STATE DEPARTMENT — President Obama says he is working to boost support for Syrian rebels and for neighboring countries threatened by the violence of the ongoing civil war. Negotiations on a nuclear accord with Iran might give Obama an opportunity to weaken Tehran's support for Syrian President Bashar al-Assad.
Iran remains the biggest backer of President Assad's fight against three years of rebellion, as efforts to reach a political settlement have failed. With Syria's neighbors struggling to care for refugees and to contain cross-border violence, President Obama announced he is stepping up support for Jordan, Lebanon, Turkey, and Iraq, but ruled out sending U.S. troops.
"As president I made a decision that we should not put American troops into the middle of this increasingly sectarian war. And I believe that is the right decision. But that does not mean we shouldn't help the Syrian people stand up against a dictator who bombs and starves his own people," said Obama.
Some, such as American University professor Hillary Mann Leverett, think the ongoing talks with Iran on an international nuclear accord may help lessen Tehran's support for the government in Damascus.
"If we can unlock the nuclear issue and even further diminish our sense of Iran as the boogeyman, it would allow us to, I think, more productively sit at the table with them and get serious about conflict resolution in Syria," said Leverett.
She said Iran's role in a ceasefire in Homs shows its willingness to helping stop the fighting.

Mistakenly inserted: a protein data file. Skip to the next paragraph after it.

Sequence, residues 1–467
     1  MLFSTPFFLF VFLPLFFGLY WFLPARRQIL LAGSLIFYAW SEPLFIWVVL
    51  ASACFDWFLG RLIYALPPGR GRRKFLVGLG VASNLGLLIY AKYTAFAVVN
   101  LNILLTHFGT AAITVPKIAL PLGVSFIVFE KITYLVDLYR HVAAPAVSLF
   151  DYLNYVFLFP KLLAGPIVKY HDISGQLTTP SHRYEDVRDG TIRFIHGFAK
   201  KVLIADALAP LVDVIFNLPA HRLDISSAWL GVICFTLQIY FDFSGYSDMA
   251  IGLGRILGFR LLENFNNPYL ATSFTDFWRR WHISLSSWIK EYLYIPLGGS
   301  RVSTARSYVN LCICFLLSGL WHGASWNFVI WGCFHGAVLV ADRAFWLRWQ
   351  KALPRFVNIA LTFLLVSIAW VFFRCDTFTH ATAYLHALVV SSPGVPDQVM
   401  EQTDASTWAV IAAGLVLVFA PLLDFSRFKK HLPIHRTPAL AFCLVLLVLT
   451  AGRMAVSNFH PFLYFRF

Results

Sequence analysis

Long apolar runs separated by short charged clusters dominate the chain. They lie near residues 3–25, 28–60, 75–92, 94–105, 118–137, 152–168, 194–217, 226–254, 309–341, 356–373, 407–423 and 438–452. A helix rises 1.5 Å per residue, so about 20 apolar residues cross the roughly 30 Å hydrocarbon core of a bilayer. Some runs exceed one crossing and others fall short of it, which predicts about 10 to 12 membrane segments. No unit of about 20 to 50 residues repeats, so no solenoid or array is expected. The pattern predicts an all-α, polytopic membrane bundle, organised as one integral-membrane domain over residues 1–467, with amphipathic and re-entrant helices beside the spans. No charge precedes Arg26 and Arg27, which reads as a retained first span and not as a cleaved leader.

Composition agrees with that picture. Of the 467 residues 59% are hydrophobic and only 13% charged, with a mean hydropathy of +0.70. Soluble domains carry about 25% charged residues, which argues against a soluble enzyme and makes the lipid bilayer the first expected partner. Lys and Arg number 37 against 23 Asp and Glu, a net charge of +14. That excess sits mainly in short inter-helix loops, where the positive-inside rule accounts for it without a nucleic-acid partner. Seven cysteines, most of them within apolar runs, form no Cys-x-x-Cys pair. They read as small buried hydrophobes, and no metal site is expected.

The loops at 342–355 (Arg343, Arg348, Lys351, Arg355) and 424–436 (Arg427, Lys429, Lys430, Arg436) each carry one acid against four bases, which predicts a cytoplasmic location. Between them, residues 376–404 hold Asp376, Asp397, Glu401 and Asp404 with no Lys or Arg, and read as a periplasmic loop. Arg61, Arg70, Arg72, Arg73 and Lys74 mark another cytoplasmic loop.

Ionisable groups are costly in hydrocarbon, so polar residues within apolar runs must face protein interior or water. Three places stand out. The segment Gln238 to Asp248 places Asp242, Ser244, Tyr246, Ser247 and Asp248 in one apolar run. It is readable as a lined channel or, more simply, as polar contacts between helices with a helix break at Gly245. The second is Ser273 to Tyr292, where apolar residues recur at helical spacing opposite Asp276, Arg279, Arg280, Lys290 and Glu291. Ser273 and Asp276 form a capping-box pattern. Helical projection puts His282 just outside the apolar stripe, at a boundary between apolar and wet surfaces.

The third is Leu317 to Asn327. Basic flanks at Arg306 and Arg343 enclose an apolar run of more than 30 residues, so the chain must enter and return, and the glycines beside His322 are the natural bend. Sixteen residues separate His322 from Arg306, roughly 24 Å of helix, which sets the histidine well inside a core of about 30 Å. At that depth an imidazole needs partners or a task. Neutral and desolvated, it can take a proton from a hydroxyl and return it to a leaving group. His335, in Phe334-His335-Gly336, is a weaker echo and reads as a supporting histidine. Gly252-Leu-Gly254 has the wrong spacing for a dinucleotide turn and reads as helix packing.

"Iran has shown now in a very tangible way that it's not just an ally of Bashar al-Assad. It is a player that can bring stability, that can talk to all of the parties -- including deeply anti-Shiite rebel parties -- and it can be a positive player," said Leverett.
Iranian President Hassan Rouhani says nuclear talks are at a "tough juncture," but he believes they can produce an agreement "beneficial for both sides." But even if a nuclear deal is reached with Iran, there would be little impact on Syria, according to former U.S. ambassador Adam Ereli.
"I don't think it would change Iranian behavior in Syria for one very simple reason: questions of national security are the most fundamental to any country," said Ereli.
And national security for Iran, said Ereli, is challenging Gulf States that back Syrian rebels.
"There's so much of the Iranian regime that feeds off of, or that uses the international system and its fight against the international system as a way to legitimize its rule, particularly its relations with the Gulf states," he said.
This makes supporting Assad forces central to blocking Gulf ambitions in the Levant.
"It also maximizes Iranian influence. So why would they voluntarily give that up? And oh, by the way, if they did withdraw support for al-Assad, they would be handing a victory to their opponents. Again, why?" asked Ereli.
President Assad is assured of being re-elected in voting next week in areas he controls. With a new mandate, experts say he will have even less incentive to negotiate, increasing pressure on Washington to boost support for rebels and to look for openings with Assad allies Russia and Iran.